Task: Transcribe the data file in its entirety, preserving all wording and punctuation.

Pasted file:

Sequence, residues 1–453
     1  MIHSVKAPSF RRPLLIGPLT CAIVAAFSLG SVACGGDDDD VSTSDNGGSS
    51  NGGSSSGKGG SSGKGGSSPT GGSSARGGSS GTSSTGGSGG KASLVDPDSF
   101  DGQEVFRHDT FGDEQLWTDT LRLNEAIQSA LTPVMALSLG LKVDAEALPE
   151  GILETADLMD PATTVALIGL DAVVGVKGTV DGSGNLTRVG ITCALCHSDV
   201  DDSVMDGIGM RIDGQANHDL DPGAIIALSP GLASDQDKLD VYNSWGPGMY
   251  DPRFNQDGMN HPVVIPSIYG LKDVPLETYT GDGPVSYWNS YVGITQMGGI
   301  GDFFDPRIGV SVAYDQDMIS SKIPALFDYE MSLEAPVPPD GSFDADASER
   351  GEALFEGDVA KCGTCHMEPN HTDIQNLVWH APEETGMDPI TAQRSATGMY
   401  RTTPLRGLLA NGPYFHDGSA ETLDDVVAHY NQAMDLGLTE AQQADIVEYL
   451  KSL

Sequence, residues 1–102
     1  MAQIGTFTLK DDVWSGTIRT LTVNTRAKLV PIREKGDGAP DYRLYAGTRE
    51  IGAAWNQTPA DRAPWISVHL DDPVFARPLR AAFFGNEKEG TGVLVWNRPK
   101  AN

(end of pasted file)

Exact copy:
Sequence, residues 1–453
     1  MIHSVKAPSF RRPLLIGPLT CAIVAAFSLG SVACGGDDDD VSTSDNGGSS
    51  NGGSSSGKGG SSGKGGSSPT GGSSARGGSS GTSSTGGSGG KASLVDPDSF
   101  DGQEVFRHDT FGDEQLWTDT LRLNEAIQSA LTPVMALSLG LKVDAEALPE
   151  GILETADLMD PATTVALIGL DAVVGVKGTV DGSGNLTRVG ITCALCHSDV
   201  DDSVMDGIGM RIDGQANHDL DPGAIIALSP GLASDQDKLD VYNSWGPGMY
   251  DPRFNQDGMN HPVVIPSIYG LKDVPLETYT GDGPVSYWNS YVGITQMGGI
   301  GDFFDPRIGV SVAYDQDMIS SKIPALFDYE MSLEAPVPPD GSFDADASER
   351  GEALFEGDVA KCGTCHMEPN HTDIQNLVWH APEETGMDPI TAQRSATGMY
   401  RTTPLRGLLA NGPYFHDGSA ETLDDVVAHY NQAMDLGLTE AQQADIVEYL
   451  KSL

Sequence, residues 1–102
     1  MAQIGTFTLK DDVWSGTIRT LTVNTRAKLV PIREKGDGAP DYRLYAGTRE
    51  IGAAWNQTPA DRAPWISVHL DDPVFARPLR AAFFGNEKEG TGVLVWNRPK
   101  AN